You need to let it out Kevin, don’t keep your feelings bottled up. One thing I noticed in looking at things Swedish is that the Elite League, (hockey) which is playing its games more or less on schedule has not allowed fans. I’ll try and find out whether this is something they’ve done since the beginning of the season, or if it’s recent. My relatives tell me their lives are pretty maskless and normal, but there is increasing propaganda for the authorities to “do something”. I hope they don’t. I’d also mention that my 75 year old cousin in Göteborg continued her breast cancer treatments through the scandemic, so I’m guessing that will positively affect death rates, too

  • Doug says:

    Well, technically speaking, “positivity rate” should be (# tests positive)/(Total # of tests). If you want percentage multiply that by 100. But using “positivity rate” to establish statutory or legal guidelines is bogus. I can increase the positivity rate by not testing anyone but the obviously ill, and I can decrease it by giving lots of tests, especially if I give them to obviously healthy people.

    I wonder how loud our overseers would scream if a local health department kept testing the obviously healthy.

    Thank you for your work, Kevin. It’s a bright spot of my day to come over and look at actual data analysis.

  • Doug Young says:

    Similar story here in CA w/our governor, who just locked down further by using the positivity rate & hospitalization percentage. But watching the Rational Ground webinar last night, they pointed out that there were a couple of new metrics in play. 1, Remdesivir was approved on 10/22, and w/its 5-day hospital regimen, when previously the patient might have spent a day or 2 getting symptoms treated and send home. 2, Observational Beds, which are short-term (~8 hours) admittances, are now listed as hospitalizations, when they weren’t previously. This definition change occurred in mid-October. Also remember that there was a fairly recent report from Miami that 50% of their Covid hospitalizations were “incidental, that is, they were at the hospital for some other reason. + seasonality.

  • Cliff Hadley says:

    Deaths by non-covid causes requires a couple keystrokes by health authorities. They’re stalling now to figure how to cover their tracks when excess deaths numbers like those from the Johns Hopkins analysis finally become public knowledge. Or will that ever happen?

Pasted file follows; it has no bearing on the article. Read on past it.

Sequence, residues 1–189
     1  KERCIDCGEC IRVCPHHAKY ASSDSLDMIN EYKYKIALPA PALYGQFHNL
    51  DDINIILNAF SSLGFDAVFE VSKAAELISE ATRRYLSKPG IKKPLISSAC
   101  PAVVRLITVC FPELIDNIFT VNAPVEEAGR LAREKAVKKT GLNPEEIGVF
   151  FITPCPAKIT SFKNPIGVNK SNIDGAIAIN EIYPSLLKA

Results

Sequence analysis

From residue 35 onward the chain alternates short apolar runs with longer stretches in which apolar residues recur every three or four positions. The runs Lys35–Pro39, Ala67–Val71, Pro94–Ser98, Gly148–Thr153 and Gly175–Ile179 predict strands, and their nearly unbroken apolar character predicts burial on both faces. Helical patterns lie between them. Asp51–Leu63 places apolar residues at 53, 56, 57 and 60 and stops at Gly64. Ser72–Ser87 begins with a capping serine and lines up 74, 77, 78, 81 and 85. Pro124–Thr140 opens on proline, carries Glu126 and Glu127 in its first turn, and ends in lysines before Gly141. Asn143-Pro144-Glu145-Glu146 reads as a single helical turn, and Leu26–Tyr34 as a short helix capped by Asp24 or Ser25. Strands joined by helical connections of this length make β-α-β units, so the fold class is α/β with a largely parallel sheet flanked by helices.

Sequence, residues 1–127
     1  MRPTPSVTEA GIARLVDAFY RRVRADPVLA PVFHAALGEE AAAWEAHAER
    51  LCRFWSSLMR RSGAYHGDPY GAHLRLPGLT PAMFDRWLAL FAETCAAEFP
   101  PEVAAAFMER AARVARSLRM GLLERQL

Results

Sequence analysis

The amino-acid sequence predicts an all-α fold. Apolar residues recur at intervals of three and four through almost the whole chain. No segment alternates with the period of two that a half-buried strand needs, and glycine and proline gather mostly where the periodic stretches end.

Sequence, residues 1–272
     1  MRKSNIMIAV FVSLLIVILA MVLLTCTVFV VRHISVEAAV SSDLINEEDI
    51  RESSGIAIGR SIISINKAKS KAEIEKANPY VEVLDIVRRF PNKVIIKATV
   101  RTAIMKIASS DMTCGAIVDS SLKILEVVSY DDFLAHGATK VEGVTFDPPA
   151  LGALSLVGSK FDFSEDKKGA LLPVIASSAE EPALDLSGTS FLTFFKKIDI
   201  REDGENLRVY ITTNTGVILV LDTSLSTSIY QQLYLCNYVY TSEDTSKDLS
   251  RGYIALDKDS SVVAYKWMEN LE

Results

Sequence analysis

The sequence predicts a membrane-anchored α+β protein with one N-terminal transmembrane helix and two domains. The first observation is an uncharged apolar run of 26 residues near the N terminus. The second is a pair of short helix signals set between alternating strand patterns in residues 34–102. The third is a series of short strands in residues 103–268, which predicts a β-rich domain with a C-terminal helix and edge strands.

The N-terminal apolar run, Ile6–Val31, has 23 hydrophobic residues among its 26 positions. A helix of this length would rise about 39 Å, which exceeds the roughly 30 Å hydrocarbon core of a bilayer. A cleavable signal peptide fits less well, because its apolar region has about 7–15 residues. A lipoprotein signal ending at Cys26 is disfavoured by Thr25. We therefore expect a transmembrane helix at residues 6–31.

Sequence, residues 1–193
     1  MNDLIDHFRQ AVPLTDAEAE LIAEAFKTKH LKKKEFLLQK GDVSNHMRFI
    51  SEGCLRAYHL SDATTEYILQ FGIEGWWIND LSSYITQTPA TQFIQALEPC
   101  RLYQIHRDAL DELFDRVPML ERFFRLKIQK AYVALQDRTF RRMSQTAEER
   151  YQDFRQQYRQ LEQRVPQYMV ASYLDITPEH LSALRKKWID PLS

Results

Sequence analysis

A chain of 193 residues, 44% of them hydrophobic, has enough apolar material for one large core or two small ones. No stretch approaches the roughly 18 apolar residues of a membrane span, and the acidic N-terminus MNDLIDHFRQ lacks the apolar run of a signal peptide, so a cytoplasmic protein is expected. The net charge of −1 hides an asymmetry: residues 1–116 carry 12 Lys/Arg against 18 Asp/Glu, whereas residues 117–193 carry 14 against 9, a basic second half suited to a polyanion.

• Harley says:

    Lighten up on the governor.
    “But I did stay in a Holiday Inn……”

    And as the ST article a few months ago noted about Kris, “She’s been getting ready for this moment for 20 years.”

  • LeeS says:

    Might be a bit off-topic, but I see upper Midwest states are trending down in cases, however deaths in elderly are really going up. Are those all covid related or just with covid? What can we do to protect our nursing homes better? Looking at SD stats. And if people think there is not a mask mandate – there isn’t from state, but mask wearing is as high as anyplace from what I can see.

    • Kevin Roche says:

      good questions. Your observation about masks is spot on. Mandates create very limited additional compliance beyond the wearing that already occurs. Deaths lag the turnaround in cases by at least two weeks. I think LTC deaths are high everywhere, these are just very frail, susceptible people and while they have CV-19, any incremental disease burden would likely have been fatal. I think the LTC question is very difficult. Isolating these people, who already tend to have very limited contacts is also deadly to them. They need to be given some choice or say in the balancing between isolation to prevent disease, and having those often last opportunities to see those who matter to them

  • Ganderson says:

    In Western Mass, EVERYBODY wears a mask. I see dozens of people when I walk my dog around the UMASS football stadium every day, all are masked: yes, outside, by themselves. I only wear mine so as not to get merchants jammed up, and never outside. Lot# of people alone in their Priuses with masks on, too. It’s not a coincidence that Hampshire County, where I live, which includes the college towns of Amherst and Northampton went 80-20 for Slow Joe and Cam.

  • Barbara Joy Fredrickson says:

    I think Governor Walz, being a leftist, is not as dunce-like as he appears. He is killing the middle class because that is what Marxists do. It is his ideology. And he is succeeding.

    • Kevin Roche says:

      well, I don’t think he is a Marxist and I don’t think he is trying to eliminate the middle class, his actions actually have a disproportionate impact on low-income people. I think he is obsessed with limiting cases and deaths and therefore is completely disregarding all the other harm being done by his actions, which in my opinion is far greater than any harm from CV-19.

  • Kevin Rademacher says:

    From the St. Paul PP article today. “Minnesota has now screened more than 5 million samples for the coronavirus from 2.8 million residents since March when the COVID-19 pandemic began.” Wow! Half are retests and most likely already known COVID positives.